The festivities, complete with high school band, Mayor J. A. Alexander and other dignitaries, were endorsed by the entire Garland business community, 95 per cent of which was located around the town square. H. R. Bisby and his wife Jennie, who owned the Garland Theatre on Bankhead Avenue (now Main Street), where the new film was scheduled to run, were presumably parties to Republic’s ploy to thumb their new star at Gene Autry. A collection of theatre mementos from the Bisbys, including photos of Roy Rogers’ visits, is on display at the central branch of Garland’s Nicholson Memorial Library.
Howard Taylor, school band director at the time, recalls that the convocation occurred slightly before noon and was populated by a suspicious number of school-age youngsters Mr. Rogers would come to call “buckaroos.” “The Hollywood folks acted like they were in a big hurry to move on to the next stop,” said Mr. Taylor.
But despite the commotion, The Garland News management was far too shrewd to be duped by a publicity stunt for any flash-in-the-pan actor, and the paper restricted its photo-journalistic coverage of Roy Rogers to a three-by-four-inch spot on Page Two of the week’s edition. Some suspected Gene Autry sympathies on the part of the News’ publisher.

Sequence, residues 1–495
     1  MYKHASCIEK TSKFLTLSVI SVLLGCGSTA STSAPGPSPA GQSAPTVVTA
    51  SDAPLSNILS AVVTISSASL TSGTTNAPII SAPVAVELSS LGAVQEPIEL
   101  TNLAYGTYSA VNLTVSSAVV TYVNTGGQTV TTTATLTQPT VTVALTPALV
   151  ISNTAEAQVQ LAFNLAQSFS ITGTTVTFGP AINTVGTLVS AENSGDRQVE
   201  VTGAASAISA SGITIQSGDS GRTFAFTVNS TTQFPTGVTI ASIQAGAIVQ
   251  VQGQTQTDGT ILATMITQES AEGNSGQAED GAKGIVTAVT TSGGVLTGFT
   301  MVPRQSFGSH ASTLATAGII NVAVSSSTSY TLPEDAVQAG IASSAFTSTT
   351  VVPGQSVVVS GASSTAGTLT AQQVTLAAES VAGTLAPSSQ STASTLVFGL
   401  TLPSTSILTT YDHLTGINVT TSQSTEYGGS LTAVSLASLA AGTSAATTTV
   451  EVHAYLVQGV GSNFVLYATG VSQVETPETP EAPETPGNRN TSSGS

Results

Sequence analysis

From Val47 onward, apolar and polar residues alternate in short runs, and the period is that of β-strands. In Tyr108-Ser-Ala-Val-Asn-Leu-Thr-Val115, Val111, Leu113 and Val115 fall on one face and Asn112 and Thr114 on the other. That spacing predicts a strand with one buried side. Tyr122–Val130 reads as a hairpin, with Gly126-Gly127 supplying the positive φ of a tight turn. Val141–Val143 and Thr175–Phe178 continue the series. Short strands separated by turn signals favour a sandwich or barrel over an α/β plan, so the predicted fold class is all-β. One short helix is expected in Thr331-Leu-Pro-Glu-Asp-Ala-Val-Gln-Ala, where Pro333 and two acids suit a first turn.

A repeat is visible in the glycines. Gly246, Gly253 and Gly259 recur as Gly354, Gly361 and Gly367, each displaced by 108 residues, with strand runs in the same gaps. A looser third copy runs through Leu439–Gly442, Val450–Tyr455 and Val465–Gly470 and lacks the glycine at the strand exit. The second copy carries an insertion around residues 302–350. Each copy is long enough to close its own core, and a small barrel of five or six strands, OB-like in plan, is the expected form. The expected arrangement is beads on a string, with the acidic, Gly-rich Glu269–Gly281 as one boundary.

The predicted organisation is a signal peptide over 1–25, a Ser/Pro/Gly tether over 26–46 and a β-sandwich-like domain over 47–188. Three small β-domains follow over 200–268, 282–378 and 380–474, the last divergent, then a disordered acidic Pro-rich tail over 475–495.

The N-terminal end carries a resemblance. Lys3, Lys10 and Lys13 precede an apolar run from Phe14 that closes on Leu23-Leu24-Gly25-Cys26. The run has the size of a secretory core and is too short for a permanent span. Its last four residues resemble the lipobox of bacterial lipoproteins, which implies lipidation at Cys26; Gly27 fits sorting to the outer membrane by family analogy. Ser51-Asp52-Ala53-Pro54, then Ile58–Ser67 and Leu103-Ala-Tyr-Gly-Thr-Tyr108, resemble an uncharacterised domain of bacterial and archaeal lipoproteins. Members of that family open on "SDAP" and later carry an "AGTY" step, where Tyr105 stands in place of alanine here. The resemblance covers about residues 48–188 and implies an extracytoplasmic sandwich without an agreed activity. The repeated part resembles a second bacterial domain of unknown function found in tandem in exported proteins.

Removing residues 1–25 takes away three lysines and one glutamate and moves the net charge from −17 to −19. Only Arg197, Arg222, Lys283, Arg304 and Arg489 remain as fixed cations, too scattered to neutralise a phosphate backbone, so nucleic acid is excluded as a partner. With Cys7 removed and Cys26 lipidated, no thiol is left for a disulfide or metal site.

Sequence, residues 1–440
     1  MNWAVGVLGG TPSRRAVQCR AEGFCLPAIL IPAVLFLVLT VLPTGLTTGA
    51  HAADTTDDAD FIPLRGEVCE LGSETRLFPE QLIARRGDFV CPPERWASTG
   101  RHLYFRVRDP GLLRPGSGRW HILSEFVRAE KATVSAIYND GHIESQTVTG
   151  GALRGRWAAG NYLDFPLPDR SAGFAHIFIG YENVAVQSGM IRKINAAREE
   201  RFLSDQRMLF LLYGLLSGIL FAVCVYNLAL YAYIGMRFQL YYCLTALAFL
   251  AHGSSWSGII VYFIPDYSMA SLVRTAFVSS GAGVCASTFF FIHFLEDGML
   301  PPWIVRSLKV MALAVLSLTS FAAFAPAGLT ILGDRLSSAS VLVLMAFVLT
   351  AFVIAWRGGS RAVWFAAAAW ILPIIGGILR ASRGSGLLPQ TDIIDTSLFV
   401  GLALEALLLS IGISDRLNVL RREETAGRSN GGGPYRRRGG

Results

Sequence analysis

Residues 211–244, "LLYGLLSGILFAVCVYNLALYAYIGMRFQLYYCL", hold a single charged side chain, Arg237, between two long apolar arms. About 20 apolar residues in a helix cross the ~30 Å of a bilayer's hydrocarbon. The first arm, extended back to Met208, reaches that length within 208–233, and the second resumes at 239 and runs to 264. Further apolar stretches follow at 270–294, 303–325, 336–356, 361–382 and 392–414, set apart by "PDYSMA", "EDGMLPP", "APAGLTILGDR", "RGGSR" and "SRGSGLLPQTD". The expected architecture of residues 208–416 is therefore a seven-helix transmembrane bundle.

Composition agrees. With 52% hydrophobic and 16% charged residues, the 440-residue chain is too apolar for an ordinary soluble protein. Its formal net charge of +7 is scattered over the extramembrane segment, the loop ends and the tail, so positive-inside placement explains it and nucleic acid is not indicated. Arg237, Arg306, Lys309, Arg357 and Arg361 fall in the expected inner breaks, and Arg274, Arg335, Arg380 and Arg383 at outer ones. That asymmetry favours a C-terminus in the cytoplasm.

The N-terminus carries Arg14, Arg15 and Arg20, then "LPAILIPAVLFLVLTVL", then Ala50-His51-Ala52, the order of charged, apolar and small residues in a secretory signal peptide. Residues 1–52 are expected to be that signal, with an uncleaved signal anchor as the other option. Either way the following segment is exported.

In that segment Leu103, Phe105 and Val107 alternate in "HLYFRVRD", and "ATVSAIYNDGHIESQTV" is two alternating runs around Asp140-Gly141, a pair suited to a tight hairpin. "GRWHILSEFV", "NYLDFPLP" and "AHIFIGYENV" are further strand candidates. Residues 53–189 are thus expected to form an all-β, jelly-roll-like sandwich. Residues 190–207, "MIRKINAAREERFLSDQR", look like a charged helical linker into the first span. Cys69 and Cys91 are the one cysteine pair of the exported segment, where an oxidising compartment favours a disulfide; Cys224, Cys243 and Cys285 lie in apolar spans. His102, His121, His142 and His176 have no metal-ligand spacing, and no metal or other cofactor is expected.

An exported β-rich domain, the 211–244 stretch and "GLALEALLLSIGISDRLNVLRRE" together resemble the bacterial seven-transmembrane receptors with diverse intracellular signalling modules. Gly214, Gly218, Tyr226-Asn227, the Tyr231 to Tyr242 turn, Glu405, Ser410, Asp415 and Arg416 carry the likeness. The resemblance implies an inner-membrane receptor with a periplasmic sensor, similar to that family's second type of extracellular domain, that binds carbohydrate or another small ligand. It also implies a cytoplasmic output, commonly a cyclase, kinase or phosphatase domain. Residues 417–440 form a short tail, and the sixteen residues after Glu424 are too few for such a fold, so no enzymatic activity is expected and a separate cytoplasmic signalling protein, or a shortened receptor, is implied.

The Happy Trails of Roy Rogers crossed Garland at least once more after the 1938 visit, but his tracks are now faded. A wartime visit, restrained due to the circumstances, occurred about 1944, when he made a defense-factory tour of the Continental Motors plant (now Kraft Foods).
It was probably on that occasion that Mr. Rogers, world-famous by then, was photographed with his new sidekick, George “Gabby” Hayes and Mr. Bisby in what appears to be Mr. Bisby’s home on Avenue E. Gabby Hayes had joined the duo in 1939, since Smiley Burnett, after an querulous stint with William “Hopalong Cassidy” Boyd, had returned to the side of his old pal Gene Autry. Dale Evans became a part of the Rogers cinema team in 1944.
Photos courtesy John D. Skelton, II
(Band Scene) Band Director Howard Taylor and Smiley Burnett switch hats as they stand with the bank alongside Roy Rogers in 1938. Those visible with the group in front of Nicholson Memorial Hall include (l-r): Bill Matthews, Sam Wilhoit, Lorene and Florene Coyle, John Duke, Mr. Burnett, Frank Greenhaw, Mr. Taylor, (unidentified), Mr. Rogers, (unidentified), Paul Buhler, Arthur Buhler, Minor Nickens, (unidentified), Sidney Thompson, (unidentified), Jimmy Davie, Lon Morris Pace and an unidentified boy.